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    Another smoking in movies thread.
     
  10. James T

    James T Screenwriter

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    I don't think smoking exists in movies as much as it once did. There are even plenty of actors who smoke who I don't recall smoking in their own movies.

    I remember the Ghostbusters commentary that said in the first one, they were all smoking but by the time the second one came, smoking was "out", so they didn't have the characters smoke.
     
  11. Tony Whalen

    Tony Whalen Producer

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    Doesn't bother me at all, especially for period-pieces like Hidalgo or Open Range.

    Now, if I saw a close-up of MARLBORORO on a coffin-nail, that would be a different matter.
     
  12. Kristian

    Kristian Supporting Actor

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    I have a problem with smoking in general, but for me, the worst thing is seeing beautiful women smoke on screen. Seeing Kirsten Dunst lighting up on the trailer for Wimbledon was enough to keep me from going to see this movie. I've put up with it sometimes (Lost in Translation), but it's usually a huge turn off.
     
  13. ChristopherDAC

    ChristopherDAC Producer

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    I seem to recall that for a number of years, beginning in I guess the middle 80s, there was a push to minimise the amount of smoking [particularly of cigarettes] in pictures. In the past 5 years or so, this seems to have been put in abeyance. I don't know if it's something to do with the change in tobacco advertisment rules [perhaps as simple as that filmmakers now feel that they can put in smoking without being accused of promoting the habit -- not necessarily anything sinister although I don't discount the idea], or perhaps the increased effect of Japanese popular culture in filmmaking -- remembering that smoking is not considered an antisocial activity over there yet. In fact I have an older Japanese animated television show, made for the youth market, in which juvenile smoking is a plot element -- one of the characters disapproves, and you can tell that the two female leads care about him because they stop smoking, and in fact one of them makes a point of refusing a cigarette in one episode!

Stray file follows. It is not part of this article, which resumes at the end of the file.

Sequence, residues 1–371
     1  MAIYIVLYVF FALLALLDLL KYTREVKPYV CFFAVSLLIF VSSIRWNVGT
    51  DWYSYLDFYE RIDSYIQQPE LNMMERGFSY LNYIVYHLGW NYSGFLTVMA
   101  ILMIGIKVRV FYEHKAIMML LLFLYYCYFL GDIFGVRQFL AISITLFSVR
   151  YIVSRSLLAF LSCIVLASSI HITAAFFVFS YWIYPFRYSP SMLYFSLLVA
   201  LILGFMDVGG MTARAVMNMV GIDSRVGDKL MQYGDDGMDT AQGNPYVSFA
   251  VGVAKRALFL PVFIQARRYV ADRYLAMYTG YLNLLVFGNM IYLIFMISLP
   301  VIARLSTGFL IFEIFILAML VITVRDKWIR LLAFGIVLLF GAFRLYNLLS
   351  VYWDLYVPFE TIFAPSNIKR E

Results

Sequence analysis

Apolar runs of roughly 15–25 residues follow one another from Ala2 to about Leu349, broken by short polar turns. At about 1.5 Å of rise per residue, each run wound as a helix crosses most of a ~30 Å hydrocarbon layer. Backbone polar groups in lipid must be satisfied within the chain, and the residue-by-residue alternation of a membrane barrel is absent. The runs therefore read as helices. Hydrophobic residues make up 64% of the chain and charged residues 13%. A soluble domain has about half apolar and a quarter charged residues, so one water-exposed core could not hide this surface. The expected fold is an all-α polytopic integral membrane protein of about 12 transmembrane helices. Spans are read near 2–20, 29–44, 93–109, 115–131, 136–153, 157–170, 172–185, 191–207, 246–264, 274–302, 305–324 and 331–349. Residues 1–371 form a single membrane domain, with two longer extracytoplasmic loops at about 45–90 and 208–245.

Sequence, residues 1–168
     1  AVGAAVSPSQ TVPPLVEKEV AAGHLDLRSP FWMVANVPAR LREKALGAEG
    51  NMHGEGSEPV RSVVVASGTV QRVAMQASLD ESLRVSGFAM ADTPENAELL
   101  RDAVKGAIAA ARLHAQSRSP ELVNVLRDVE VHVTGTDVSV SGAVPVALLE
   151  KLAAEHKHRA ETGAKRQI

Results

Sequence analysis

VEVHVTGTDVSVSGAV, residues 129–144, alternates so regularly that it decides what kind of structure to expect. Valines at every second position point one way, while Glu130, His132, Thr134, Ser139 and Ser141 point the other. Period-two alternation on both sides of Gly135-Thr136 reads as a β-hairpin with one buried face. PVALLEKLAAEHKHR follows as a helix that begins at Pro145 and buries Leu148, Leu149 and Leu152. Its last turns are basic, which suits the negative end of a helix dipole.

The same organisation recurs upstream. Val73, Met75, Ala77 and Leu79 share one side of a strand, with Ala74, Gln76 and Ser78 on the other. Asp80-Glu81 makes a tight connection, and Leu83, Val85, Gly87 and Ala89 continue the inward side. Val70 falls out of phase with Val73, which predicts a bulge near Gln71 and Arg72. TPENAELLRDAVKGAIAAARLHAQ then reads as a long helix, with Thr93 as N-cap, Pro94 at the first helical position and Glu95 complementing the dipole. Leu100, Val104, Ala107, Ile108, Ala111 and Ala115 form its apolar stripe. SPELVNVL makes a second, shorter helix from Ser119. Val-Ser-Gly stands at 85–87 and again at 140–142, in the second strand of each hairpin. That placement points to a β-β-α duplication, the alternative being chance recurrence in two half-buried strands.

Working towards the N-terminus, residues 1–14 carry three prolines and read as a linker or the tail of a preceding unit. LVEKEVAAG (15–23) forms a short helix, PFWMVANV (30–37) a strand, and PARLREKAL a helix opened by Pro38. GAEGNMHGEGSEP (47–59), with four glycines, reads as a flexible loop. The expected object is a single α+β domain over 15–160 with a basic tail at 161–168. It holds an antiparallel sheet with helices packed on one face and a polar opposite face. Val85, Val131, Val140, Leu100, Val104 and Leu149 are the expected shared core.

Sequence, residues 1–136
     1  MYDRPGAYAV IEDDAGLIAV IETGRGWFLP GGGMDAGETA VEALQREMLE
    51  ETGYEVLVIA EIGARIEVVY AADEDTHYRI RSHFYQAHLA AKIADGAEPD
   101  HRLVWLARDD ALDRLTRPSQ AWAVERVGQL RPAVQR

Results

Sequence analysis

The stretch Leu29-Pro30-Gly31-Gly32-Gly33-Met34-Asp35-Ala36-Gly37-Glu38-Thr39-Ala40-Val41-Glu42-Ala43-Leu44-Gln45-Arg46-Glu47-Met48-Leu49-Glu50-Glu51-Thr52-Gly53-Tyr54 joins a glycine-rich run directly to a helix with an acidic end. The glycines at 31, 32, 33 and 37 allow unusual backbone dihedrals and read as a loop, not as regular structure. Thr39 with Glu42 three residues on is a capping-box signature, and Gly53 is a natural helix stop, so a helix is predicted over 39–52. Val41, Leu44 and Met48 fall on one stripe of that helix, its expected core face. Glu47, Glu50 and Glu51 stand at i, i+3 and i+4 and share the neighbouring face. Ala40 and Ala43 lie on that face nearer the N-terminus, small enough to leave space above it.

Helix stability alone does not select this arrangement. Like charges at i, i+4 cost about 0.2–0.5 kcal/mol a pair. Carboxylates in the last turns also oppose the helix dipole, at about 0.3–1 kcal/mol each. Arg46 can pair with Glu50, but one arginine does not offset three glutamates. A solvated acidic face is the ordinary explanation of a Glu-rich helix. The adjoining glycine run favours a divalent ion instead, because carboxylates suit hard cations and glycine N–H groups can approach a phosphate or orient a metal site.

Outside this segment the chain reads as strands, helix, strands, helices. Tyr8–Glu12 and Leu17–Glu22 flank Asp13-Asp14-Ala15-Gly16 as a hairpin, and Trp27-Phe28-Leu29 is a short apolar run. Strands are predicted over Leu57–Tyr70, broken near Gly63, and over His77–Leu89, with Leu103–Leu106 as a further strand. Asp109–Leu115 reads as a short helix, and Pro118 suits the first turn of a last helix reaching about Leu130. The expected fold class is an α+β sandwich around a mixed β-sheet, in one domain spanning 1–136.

14. doug zdanivsky

    doug zdanivsky Supporting Actor

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    But to do a close-up of a cigarette?? C'mon! [​IMG]

    It seems there's been a huge upsurge of occurances of smoking in the last few years, that was my point..

    And it also occured to me that this is nothing more than product placement by the cigarette companies..
     
  15. Jason Adams

    Jason Adams Supporting Actor

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    Really doesnt bother me. Unless the actors break out, in the actual movie, smoking a cigarette, looking in the camera and saying, "Mmmm...the smooth menthal taste of Newport. Cant be beat!"
     
  16. MikeFR

    MikeFR Supporting Actor

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    I honestly never think about it.
     
  17. Jack Briggs

    Jack Briggs Executive Producer

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    And I'm troubled by some of the intolerance. Like it or not, people still smoke (though in this country they have been pushed into a minority of around 30 percent). Therefore, if people in real life smoke why should there be a problem with its portrayal in film? To not see a film simply because a hot new actress has a scene in it where she is smoking seems a little extreme.
     
  18. TheLongshot

    TheLongshot Producer

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    Well, I can kinda understand it from the standpoint that a woman who smokes really turns me off. (Just as a note, I don't like smoking in general, but seeing an attractive woman smoking nowadays just throws me. It is like someone with poor taste in clothing, or makeup to me.)

    At the same time, I still think there are damn good reasons to have people smoking in films, considering our world is still full of people who smoke. As much as I don't like it, I accept it as the reality of our world here.

    Jason
     
  19. Michael Elliott

    Michael Elliott Lead Actor

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    Good point. The one film that comes to mind is Sean Penn's THE CROSSING GUARD, which runs 2 hours but if you took out the time it took the actors to light up, the movie would probably run 65 minutes.
     
  20. doug zdanivsky

    doug zdanivsky Supporting Actor

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    I don't dispute this.. I merely point out that the occurances of people smoking has gone up 10 fold in the last little bit, and that I don't think it's a coincidence.